According to a survey conducted by The Harris Poll on behalf of CNBC, approximately one-third of millennials often or exclusively elect investments that take environmental, social and governance (ESG) factors into account. That compares to just 2% of baby boomers who feel the same about how they direct their resources. And because millennials represent the largest generation in the U.S. workforce, USCB commands the potential to attract a sizable audience of young investors.

To be sure, community banks find themselves outgunned by their larger counterparts which routinely take home billions in profit from ultra-high-dollar services and international coverage. Still, big banks have their problems, especially because they’re overwhelmingly profit-driven. This dynamic led to extremely regrettable controversies, such as the phony account scandal of Wells Fargo (NYSE: WFC).

Finally, one factor that may tip the scales in favor of U.S. Century Bank and its ilk is the pandemic itself. With the shift to remote operation allowing people to work virtually anywhere, many have chosen to live away from the hustle and bustle of city life. Naturally, this bolsters the investment narrative of community-driven financial services providers as they’re more adaptable and responsive to local needs.

How to Buy U.S. Century Bank (USCB) Stock

The process is easy if you already know how to buy stocks. If not, just follow the simple steps below.

Step 1: Pick a brokerage.

Back when the internet was more of a novelty than an everyday platform, investors primarily based their online brokerage decisions on cost. Nowadays, almost everyone offers commission-free trading on stocks listed in major exchanges. Therefore, investors should focus on access.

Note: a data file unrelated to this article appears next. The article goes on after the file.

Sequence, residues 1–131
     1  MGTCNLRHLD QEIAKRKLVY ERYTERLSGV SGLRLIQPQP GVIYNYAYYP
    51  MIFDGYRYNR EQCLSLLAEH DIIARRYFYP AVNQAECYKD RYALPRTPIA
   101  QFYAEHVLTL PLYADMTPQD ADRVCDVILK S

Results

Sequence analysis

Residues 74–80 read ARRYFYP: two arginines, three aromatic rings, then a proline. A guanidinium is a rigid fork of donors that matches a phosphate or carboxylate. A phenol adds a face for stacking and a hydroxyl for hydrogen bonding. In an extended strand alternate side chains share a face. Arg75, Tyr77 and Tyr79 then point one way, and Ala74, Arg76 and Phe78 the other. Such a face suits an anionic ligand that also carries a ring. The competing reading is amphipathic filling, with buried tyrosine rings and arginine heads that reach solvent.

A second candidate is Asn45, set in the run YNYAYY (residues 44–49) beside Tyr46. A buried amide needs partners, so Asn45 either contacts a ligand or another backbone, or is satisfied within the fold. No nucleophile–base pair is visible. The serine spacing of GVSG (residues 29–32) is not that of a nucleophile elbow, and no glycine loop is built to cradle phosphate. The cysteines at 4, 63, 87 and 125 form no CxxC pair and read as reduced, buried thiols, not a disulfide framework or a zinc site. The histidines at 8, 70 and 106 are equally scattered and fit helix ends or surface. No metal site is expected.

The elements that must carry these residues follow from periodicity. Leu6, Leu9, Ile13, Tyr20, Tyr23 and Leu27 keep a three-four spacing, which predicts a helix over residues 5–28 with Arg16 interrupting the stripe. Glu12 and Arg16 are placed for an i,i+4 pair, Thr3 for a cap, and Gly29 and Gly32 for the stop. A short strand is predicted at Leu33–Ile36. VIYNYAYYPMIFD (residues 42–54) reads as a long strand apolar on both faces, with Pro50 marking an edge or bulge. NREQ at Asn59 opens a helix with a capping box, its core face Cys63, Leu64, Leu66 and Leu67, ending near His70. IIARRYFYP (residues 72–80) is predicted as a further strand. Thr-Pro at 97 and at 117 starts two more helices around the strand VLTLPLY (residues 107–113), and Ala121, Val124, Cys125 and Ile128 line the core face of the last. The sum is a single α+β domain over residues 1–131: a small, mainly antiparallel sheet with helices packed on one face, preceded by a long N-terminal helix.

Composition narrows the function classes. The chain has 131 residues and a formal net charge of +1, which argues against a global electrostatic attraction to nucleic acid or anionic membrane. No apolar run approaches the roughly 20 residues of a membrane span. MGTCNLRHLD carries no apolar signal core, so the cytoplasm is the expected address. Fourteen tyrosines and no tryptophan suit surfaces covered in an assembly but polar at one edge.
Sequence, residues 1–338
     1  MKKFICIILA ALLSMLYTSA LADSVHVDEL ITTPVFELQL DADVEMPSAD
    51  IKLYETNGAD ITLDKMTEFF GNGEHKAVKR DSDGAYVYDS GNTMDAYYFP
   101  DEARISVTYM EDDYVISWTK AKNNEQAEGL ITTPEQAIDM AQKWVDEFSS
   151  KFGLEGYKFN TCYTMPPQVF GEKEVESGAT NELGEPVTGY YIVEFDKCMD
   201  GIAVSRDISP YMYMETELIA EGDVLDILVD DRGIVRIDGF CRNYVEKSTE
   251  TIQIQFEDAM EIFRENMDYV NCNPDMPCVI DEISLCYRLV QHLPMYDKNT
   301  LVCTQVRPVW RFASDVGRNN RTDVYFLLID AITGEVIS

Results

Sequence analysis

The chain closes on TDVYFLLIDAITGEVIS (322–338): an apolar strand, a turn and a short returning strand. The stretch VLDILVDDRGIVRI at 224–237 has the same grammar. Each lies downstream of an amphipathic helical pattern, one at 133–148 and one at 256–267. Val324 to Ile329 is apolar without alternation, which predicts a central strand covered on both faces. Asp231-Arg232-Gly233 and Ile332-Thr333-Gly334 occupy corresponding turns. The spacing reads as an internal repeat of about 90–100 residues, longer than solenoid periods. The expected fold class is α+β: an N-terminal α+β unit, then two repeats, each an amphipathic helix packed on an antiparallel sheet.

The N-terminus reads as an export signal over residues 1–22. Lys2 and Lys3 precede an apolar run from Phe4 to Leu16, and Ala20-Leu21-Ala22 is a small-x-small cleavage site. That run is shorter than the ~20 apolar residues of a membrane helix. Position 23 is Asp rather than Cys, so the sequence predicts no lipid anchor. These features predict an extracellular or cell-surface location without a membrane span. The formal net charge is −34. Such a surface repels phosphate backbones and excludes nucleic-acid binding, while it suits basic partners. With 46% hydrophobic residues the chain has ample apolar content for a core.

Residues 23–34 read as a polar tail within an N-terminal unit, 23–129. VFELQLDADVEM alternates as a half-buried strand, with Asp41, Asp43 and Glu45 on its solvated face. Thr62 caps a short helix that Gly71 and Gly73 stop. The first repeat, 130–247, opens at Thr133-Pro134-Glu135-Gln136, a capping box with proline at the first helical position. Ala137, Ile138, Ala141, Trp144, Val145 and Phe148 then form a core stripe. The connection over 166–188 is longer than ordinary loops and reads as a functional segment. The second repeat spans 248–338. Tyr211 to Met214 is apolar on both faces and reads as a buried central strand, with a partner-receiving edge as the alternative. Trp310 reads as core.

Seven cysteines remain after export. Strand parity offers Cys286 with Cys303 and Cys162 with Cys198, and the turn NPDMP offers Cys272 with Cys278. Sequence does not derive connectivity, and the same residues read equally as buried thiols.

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Step 2: Decide how many shares you want.

You’ll want to acquire a balanced share count that won’t keep you up at night. A higher count affords you greater profitability potential but at the cost of higher risk potential.

Step 3: Choose your order type.

Before placing your trade, familiarize yourself with these key market concepts:

  • Bid: The maximum price a buyer will extend, the bid is always lower than the ask.
  • Ask: The minimum price a seller will take, the ask is always higher than the bid.
  • Spread: The difference in the bid-ask price, the spread offers information regarding liquidity and risk. Tighter spreads imply bulls and bears’ willingness to negotiate, indicating higher liquidity and lower risk. The opposite is true for broader spreads.
  • Limit order: A transaction that only fulfills at a predetermined rate, limit orders offer total transparency but no execution guarantee.
  • Market order: In contrast, a market order guarantees fulfillment at the going rate. However, it fills at unfavorable terms (i.e. buy orders on the ask).
  • Stop-loss order: Designed to mitigate downside volatility, stop-loss orders will fulfill at either a predetermined price or any price lower than the requested rate.
  • Stop-limit order: For greater control, stop-limit orders only exit your position at a predetermined price. However, such orders can be rendered useless if the target stock never reaches the desired exit price.

Step 4: Execute your trade. 

To execute a market order, follow these steps:

  1. Select your action type (buy or sell).
  2. Enter the shares you want to acquire (or sell).
  3. Hit the Buy (or Sell) button.

Use the same sequence above for limit orders, except that you enter your desired execution price.

Small Bank, Big Profits

Although big banks grab headlines, some of the stories are not exactly flattering, symbolizing the operational divide between profit-driven and community-focused financial services. Simply, institutions like U.S. Century Bank know their customers well. Moreover, the influx of potential new clients to rural areas bodes well for USCB stock.